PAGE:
A study published in the journal Neurology suggests prevalence of multiple sclerosis (MS) in the US is 913,925—more than twice the previous estimate of 400,000 people in 1981. Because incidence of MS has not increased markedly, the researchers posit that increased prevalence reflects longer survival times for people with MS. However, they note that some increased incidence has been seen, especially in nonwhite populations, and that earlier radiologic diagnosis may also contribute to the larger number. The latter is of particular interest considering recent reports that as many as 20% of new MS diagnoses may be false positives.
This research used 5 insurance claims databases from 2008-2010 and a validated algorithm to identify prevalence within populations that were then combined to arrive at prevalence for 2010. That was then extrapolated to estimate prevalence in 2017. Companion articles on the background and methods for the study were published in the same issue of Neurology.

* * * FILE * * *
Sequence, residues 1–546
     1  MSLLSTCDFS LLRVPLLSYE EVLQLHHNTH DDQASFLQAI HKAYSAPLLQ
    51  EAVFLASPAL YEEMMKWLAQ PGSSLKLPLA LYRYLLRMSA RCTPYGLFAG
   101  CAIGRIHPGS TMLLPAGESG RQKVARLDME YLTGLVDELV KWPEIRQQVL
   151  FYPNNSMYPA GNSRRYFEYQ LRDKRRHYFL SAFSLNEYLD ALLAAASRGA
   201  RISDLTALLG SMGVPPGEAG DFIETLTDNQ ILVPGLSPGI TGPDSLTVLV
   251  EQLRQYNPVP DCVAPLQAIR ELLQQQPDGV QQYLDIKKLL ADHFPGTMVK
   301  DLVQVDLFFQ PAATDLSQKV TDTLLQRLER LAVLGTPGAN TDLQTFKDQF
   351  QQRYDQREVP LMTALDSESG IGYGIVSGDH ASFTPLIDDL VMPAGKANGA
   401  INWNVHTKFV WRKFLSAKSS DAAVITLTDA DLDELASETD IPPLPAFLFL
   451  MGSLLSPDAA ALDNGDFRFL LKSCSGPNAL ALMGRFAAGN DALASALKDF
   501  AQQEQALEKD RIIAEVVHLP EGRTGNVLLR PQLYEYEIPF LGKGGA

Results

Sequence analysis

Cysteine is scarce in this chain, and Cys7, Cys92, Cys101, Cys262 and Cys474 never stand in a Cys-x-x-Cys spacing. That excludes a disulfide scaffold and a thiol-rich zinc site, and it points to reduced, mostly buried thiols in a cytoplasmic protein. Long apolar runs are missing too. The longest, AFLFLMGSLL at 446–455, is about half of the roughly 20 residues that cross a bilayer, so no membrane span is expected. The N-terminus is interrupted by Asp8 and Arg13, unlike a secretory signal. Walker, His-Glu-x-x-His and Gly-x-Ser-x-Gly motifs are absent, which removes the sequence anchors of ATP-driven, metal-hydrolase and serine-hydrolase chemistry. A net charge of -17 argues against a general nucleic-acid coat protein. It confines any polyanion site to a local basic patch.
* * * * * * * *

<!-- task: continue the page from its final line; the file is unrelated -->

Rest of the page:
The research team, the United States Multiple Sclerosis Workgroup, considered multiple ways of assessing MS prevalence, exploring the strengths, weakness, opportunity, and threats of each to develop a 4-step method. The method consisted of examining public and private insurance claims database with an algorithm developed by the team to identify claims of persons with MS, prevalence within populations studied, and prevalence as a whole in the US. Of note, the algorithm was validated in the methods study that showed it had 86.6% to 96.0% sensitivity, 66.7%-99.0% specificity, and a positive predictive value of 95.4% to 99.0%. The algorithm required that any individual case include 3 or more MS-related claims from any combination of inpatient, outpatient, or disease-modifying treatment (DMT) claims within 1 year.
"This was an innovative, big data project that used information from more than 125 million health records," said Nick LaRocca, Vice President of Healthcare Delivery and Policy Research for the MS Society, and a co-author of the study. "Our hope is that the methods we used in this study can be applied to estimate prevalence of other medical disorders."
Katherine T. Hamilton, MD
Lee I. Kubersky, MD
Chia-Chun Chiang, MD, and Juliana VanderPluym, MD, FRCP, FAHS